Scholarships awarded to high school students committed to whole body wellness
DALLAS, September 21, 2023 — Supporting the next generation of health advocates, the American Heart Association awards five high school seniors with $1,000 college scholarships to energize their commitment to community health through service-learning opportunities. The grants are a part of the American Heart Challenge™, a school-based program that helps middle and high school students feel good about their health, while doing good for the community.
The American Heart Association, devoted to a world of healthier lives for all, offers a service-learning in-school fundraising program that prepares students for success by offering leadership development opportunities, community service hours and a college application boost in addition to supporting their total physical and emotional well-being.
High school juniors and seniors across the country who participated in their in-school American Heart Challenge program for the 2022-2023 school year were eligible for the scholarship program. Student applicants were required to demonstrate leadership skills within their school’s American Heart Challenge program and showcase their passion for impacting community health. Applications also required a letter of support from their American Heart Challenge school advisor or teacher.
2022-2023 scholarship recipients:
- Adelyn Gary of Clinton-Graceville-Beardsley High School, Graceville, Minnesota
- Anushka Kolli of Vista del Lago High School, Folsom, California
- Bryce Oliphant of Stratford High School, Houston, Texas
- Echo Charlton of Perryville High School, Port Deposit, Maryland
- Jonah Calvery of St. Michael Catholic High School, Daphne, Alabama
“Each of these students represents the spirit of the American Heart Association’s mission to be a relentless force for a world of longer, healthier lives,” said Marsha Jones, volunteer chairperson of the board of the American Heart Association. “We are encouraged by their commitment to improving the health and well-being within their local communities and are hopeful these scholarships will continue to shape their future actions of serving and inspiring others.”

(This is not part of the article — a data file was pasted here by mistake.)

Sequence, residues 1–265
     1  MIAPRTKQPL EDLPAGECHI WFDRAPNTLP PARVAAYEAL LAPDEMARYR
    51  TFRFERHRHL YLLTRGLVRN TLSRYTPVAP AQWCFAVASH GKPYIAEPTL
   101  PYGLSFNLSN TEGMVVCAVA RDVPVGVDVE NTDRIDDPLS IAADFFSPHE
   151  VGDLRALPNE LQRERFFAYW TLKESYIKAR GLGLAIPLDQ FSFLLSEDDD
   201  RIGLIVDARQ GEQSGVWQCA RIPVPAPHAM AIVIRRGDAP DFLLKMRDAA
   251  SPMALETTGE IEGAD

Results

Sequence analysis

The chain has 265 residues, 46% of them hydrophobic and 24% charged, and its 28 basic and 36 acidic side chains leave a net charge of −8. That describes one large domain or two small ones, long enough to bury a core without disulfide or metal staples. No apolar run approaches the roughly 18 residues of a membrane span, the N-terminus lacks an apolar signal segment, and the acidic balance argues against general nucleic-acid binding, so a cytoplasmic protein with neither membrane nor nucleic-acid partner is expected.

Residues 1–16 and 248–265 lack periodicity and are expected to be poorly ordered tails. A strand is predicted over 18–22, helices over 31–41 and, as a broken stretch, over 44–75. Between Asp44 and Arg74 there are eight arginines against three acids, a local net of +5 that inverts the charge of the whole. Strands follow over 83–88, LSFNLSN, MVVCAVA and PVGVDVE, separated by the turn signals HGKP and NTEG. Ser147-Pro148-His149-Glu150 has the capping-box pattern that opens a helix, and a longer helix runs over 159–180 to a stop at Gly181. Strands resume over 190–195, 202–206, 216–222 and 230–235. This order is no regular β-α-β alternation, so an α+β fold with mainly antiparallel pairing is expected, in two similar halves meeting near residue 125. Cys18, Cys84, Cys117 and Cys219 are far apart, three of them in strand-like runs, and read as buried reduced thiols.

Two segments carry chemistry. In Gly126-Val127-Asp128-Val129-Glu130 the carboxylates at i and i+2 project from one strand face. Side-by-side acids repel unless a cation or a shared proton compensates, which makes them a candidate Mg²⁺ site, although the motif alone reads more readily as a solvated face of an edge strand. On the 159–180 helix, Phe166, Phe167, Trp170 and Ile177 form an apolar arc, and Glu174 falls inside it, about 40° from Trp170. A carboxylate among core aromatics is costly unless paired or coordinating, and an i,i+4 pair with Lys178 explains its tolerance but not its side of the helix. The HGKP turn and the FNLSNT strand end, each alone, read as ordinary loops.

According to the U.S. Department of Health and Human Services’ 2018 Physical Activity Guidelines for Americans only 20% of kids get enough activity to meet physical activity recommendations. The American Heart Challenge is rooted in proven science which has shown that kids who are regularly active have a better chance of a healthy adulthood.
Funds raised by American Heart Challenge participants support the American Heart Association’s scientific research and outreach programs, while creating healthier communities nationwide. Schools are encouraged to register now for the American Heart Challenge to bring expanded curriculum resources to their classrooms for the 2023-24 school year.
To learn more about other school programs, or to donate to the American Heart Association, please visit www.heart.org/kids.
About the American Heart Association
The American Heart Association is a relentless force for a world of longer, healthier lives. We are dedicated to ensuring equitable health in all communities. Through collaboration with numerous organizations, and powered by millions of volunteers, we fund innovative research, advocate for the public’s health and share lifesaving resources. The Dallas-based organization has been a leading source of health information for nearly a century. Connect with us on heart.org, Facebook, X or by calling 1-800-AHA-USA1.
For Media Inquiries:
Linzy Cotaya: 504-872-3446; firstname.lastname@example.org
Public Inquiries: 1-800-AHA-USA1 (242-8721)